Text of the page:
I've ground the seam welds down with a flap disc only as far as they need to be ground down. The bit in the photo will be covered by the bottom of the rear wing, but there's always a bit of distortion and filler will be needed, so there's no point risking thinning the metal around the weld to make it look pretty if it's going to be filled over anyway.

Plug welds

The front corner of the rear wheelarch was the last part to go back on. It's the normal plan - butt weld it where the panel was cut, then plug weld where there were originally spot welds.

Repair section for front of wheelarch

The rear body side is fairly flat and unsupported so there's a fair chance of heat distortion when welding a repair section along it's length - the body side could easily end up with huge dents.

Welding the repair section to the side panel before fastening it to the surrounding structure means the repair section distorts instead of the main panel. It's pulled away from the sill and the bottom edge has become very wavy.

Section seam welded along top edge

It's quite easy to remove the distortion in the repair section - the metal could be pushed against the sill for plug welding then any distortion knocked out with a hammer against the sill.

Repair completed

A bit of paint doesn't quite finish off the job - it'll need a bit of filler to straighten out the distortion I do have, and a whole load of seam sealing inside the wheelarch to help reduce the chances of rust in the future.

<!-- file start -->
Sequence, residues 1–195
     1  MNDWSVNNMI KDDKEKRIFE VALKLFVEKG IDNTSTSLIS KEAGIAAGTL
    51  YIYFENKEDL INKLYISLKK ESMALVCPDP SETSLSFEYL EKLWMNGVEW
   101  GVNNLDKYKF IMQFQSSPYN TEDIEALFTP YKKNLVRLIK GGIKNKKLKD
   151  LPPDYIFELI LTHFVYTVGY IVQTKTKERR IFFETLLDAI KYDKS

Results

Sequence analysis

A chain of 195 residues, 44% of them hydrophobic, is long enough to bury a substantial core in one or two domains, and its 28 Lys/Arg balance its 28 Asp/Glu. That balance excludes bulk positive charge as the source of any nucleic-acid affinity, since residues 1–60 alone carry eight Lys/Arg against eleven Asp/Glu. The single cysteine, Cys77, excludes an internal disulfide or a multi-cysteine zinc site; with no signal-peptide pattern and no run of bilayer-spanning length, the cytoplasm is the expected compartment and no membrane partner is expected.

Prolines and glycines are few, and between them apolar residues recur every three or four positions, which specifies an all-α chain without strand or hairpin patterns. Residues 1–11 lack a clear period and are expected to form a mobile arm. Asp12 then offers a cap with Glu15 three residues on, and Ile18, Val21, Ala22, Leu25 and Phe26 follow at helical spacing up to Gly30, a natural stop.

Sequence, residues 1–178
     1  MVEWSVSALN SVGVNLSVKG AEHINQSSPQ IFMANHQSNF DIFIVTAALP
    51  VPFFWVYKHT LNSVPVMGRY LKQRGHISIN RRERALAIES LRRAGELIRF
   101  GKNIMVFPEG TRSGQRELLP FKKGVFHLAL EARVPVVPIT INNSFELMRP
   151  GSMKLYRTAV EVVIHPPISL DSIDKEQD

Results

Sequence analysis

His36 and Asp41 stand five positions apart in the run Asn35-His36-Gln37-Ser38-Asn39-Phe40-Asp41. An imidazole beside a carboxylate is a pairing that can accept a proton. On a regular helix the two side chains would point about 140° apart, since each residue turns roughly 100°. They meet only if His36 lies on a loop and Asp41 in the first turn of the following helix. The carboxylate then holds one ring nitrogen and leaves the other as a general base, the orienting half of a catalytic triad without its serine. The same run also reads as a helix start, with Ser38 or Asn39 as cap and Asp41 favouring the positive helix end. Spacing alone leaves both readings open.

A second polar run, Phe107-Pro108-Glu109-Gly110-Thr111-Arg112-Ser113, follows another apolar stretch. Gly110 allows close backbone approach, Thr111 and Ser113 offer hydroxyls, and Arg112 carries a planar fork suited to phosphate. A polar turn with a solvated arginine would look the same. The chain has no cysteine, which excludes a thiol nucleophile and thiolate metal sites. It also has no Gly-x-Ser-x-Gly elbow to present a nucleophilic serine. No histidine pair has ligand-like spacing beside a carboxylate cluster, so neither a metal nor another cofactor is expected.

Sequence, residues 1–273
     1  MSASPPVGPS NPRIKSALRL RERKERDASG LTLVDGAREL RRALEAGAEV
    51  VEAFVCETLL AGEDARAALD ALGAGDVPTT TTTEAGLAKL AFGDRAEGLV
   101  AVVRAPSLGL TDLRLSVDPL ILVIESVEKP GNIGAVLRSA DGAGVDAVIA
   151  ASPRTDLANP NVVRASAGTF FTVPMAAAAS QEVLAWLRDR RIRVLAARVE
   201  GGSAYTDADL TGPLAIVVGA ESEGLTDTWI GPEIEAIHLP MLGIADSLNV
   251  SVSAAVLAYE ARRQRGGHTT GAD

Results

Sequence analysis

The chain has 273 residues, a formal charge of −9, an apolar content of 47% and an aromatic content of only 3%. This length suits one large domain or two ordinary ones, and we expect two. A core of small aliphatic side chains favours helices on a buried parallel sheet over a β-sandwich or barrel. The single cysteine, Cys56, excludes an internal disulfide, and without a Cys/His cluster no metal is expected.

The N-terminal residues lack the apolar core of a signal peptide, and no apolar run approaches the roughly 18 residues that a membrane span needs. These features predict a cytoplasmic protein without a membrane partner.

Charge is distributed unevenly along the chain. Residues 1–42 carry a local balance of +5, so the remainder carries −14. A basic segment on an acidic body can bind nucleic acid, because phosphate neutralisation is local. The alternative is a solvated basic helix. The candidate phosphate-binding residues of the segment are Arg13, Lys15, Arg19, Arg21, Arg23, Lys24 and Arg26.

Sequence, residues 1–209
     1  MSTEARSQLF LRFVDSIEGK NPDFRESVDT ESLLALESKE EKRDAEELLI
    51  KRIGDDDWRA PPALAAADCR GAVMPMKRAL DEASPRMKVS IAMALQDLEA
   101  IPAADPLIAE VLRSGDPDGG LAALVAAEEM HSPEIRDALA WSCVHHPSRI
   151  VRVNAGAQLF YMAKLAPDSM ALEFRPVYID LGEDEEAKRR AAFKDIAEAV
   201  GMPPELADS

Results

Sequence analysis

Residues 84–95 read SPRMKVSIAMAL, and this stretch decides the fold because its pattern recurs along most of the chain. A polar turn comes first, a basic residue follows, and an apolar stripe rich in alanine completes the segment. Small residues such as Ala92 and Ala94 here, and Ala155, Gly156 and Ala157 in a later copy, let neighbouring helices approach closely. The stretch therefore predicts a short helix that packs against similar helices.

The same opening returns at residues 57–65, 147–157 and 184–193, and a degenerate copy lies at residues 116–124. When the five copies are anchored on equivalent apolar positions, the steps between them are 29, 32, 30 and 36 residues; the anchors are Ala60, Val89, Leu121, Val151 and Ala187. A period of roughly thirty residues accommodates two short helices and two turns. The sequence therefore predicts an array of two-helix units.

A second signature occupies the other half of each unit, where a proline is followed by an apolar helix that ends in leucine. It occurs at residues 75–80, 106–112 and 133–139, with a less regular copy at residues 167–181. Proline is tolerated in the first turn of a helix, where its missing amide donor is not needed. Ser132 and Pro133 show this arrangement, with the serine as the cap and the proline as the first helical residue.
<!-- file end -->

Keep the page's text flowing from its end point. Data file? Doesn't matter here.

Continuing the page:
The repair took about 8 days in total, though they weren't hard working days. Enough to make me think twice about doing the other side - that looks like it has just started to go at the bottom but will probably last another few years. Maybe I'll just cut a small hole and have a look inside....

Repair primed

Last update 21 June 2011

Next: Damper tower and all the other rear wheelarch issues

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Other Restorations:

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Renault 5 restoration


As found

Rear suspension mounting repair

Damper tower repair

Front sill rust

Welding the RHS

Painting

Battery tray and longeron welding

Engine Rebuild

Reassembly

Wheelarch Liners

Exhaust

Debugging